• Meeting was attended by commission heads of Tamil Nadu, Puducherry, Andhra Pradesh, Telangana, and Kerala. 

Highlights of the meeting:

  • The chairpersons of backward classes commissions of southern States resolved to urge the Centre against “interfering with the acts of inclusion into or exclusion from the list of socially backward classes for the purpose reservation in any State”.
  • The Bill that seeks to give constitution status to the NCSEBC, they argued, had provisions that were contrary to the federal structure and undermined their powers.
  • The commission heads collectively urged the Centre against interfering in the process of extending any benefit of reservation and other welfare measures within the State.
  • They sought a review of all provisions that centralise the functions aimed at the welfare of socially and educationally backward classes.
  • 12 resolutions passed in the meeting: In one of the resolutions, they objected to clauses which empower the NCSEBC to make it mandatory for every State government to consult the national commission on all major policy matters.
  • They demanded constitutional status for the State commissions on a par with the NCSEBC and the National Commissions for Scheduled Castes and Scheduled Tribes.

5. 63% of school dropouts in Karnataka in 11 to 13 age group: Survey

Highlights of the survey

  • conducted by the Sarva Shiksha Abhiyan (SSA) to identify ‘out-of-school’ children across Karnataka ahead of the 2017–18 academic year.
  • Nearly 63% of children who dropped out of school prior to the commencement of this academic year are between the ages of 11 and 13, indicating that most leave the education system after completing lower primary classes.
  • The SSA identified 7,807 children between the ages of seven and 13 who had dropped out before the start of the academic year. Another 511 are children who never enrolled in school. This brings the total number of children in the State who have either dropped out of school or not enrolled in one to 8,318.
  • About 49% of the 7,807 children are those belonging to the Schedule Castes and Schedule Tribes category; 48.9% are from minority communities and other backward classes. The maximum number of out-of-school children are from Bengaluru Urban (1,739), followed by Kalaburagi (1,389). Vijayapura district has the best record, reporting only seven such children.
  • The fact that children are not completing their education has been in focus since April 2013 after the High Court took suo motu cognisance of the issue.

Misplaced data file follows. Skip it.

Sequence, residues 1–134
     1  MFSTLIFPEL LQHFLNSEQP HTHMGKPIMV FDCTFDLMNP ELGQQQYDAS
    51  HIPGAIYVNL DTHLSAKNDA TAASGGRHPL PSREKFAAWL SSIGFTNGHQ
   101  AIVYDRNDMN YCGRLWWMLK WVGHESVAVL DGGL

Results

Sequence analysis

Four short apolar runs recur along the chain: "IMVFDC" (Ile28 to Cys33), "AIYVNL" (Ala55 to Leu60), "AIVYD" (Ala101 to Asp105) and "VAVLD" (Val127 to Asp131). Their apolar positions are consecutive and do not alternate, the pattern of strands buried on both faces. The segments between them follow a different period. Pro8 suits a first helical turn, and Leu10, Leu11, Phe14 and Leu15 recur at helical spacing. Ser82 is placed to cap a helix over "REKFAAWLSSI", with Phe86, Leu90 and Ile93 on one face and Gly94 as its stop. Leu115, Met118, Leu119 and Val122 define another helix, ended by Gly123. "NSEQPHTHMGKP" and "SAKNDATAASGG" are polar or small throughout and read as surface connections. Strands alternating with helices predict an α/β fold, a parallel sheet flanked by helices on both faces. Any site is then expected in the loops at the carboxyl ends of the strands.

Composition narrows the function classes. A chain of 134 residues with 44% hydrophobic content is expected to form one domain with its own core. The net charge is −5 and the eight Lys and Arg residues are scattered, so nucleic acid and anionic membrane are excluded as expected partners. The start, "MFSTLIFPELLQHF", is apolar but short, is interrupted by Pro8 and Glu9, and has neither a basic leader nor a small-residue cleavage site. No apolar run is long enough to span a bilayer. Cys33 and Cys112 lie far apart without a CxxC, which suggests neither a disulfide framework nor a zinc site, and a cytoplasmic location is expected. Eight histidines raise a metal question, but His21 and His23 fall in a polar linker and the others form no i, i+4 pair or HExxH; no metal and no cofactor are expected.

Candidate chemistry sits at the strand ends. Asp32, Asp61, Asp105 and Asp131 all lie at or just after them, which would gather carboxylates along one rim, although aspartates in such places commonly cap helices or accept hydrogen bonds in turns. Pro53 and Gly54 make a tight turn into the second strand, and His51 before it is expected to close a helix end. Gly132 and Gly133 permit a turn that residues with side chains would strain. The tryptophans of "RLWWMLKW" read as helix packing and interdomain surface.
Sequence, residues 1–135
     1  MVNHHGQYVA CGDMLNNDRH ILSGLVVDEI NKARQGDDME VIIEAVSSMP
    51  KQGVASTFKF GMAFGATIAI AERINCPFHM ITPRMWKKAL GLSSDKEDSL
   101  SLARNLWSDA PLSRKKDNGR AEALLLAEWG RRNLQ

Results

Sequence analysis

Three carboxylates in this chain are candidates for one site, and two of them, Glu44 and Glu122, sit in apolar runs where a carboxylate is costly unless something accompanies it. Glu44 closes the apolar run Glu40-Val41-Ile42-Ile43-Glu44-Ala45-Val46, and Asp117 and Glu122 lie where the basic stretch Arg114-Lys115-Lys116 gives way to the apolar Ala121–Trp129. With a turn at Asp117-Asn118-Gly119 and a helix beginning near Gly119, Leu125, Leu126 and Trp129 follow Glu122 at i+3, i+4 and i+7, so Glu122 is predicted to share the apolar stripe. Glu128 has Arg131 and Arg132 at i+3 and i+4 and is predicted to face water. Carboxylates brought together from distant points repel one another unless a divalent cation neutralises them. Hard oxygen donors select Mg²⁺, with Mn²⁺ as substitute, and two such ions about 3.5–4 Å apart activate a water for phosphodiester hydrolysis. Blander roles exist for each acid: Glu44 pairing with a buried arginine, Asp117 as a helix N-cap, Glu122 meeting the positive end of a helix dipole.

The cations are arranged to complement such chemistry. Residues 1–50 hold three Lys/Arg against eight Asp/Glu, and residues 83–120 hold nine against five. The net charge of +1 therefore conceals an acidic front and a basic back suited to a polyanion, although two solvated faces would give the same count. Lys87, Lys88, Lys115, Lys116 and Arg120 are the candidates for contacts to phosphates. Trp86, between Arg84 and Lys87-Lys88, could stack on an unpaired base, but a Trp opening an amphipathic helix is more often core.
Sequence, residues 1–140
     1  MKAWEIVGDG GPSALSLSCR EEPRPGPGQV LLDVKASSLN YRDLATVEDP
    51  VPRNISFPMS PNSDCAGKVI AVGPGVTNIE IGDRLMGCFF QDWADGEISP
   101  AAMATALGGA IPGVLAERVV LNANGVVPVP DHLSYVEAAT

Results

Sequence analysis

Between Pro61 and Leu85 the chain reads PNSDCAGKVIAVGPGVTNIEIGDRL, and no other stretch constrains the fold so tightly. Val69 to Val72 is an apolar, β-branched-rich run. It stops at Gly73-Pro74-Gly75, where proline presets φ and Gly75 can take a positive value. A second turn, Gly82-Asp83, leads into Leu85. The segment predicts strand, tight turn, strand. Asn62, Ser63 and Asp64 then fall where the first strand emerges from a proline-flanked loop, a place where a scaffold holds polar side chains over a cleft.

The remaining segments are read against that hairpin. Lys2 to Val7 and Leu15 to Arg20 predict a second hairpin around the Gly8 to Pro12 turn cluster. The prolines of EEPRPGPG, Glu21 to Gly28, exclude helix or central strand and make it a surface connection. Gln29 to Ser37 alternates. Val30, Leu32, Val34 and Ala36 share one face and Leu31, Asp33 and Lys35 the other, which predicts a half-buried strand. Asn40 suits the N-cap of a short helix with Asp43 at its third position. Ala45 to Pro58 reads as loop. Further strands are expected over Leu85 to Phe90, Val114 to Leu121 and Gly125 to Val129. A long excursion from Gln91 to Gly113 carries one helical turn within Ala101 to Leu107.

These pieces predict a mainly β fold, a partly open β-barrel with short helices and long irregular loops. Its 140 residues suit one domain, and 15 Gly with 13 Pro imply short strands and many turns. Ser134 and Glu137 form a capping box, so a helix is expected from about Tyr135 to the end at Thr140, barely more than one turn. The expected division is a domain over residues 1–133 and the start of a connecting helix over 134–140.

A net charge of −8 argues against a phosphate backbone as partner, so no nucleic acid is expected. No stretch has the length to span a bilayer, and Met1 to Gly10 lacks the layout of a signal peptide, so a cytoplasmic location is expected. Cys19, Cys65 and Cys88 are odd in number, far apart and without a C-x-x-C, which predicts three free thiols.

• Last year, the Education Department identified 9,468 out-of-school children.

Category: INTERNATIONAL RELATIONS

1. Modi targets Pakistan at G20

Context: G20 Summit, City of Hamburg, Germany

In news:

Prime Minister Narendra Modi speech highlights:

  • Some countries were using terror as a tool to achieve political objectives and pressed for “deterrent” action collectively by the G20 members against such nations.
  • He equated the Lashkar-e-Taiba and the Jaish-e-Mohamamd, as also the Haqqani network to the Islamic State and al-Qaeda, saying their names may be different but their ideology is the same.
  • He regretted that the international response to terrorism was weak, and said more cooperation was needed to fight the menace.
  • Pitched in for a 11-point ‘Action Agenda’: for exchange of lists of terrorists among G20 nations, easing and expediting of legal processes like extradition and concrete steps to choke funds and weapon supply to the terrorists.
  • The Financial Action Task Force (FATF) and other mechanisms to choke sources of funds to terrorists should be strengthened.
  • Explosives Action Task Force (EATF): On the pattern of FATF, an Explosives Action Task Force (EATF) should be constituted- to choke the sources of deadly arms reaching the terrorists can be ended.

Basic Information:

G20:

  • The G20 (or G-20 or Group of Twenty) is an international forum for the governments and central bank governors from 20 major economies.
  • Founded in 1999, the G20 aims to discuss policy issues pertaining to the promotion of international financial stability.
  • It seeks to address issues that go beyond the responsibilities of any one organization.
  • The G20 heads of government or heads of state have periodically conferred at summits since their initial meeting in 2008, and the group also hosts separate meetings of finance ministers and foreign ministers due to the expansion of its agenda in recent years.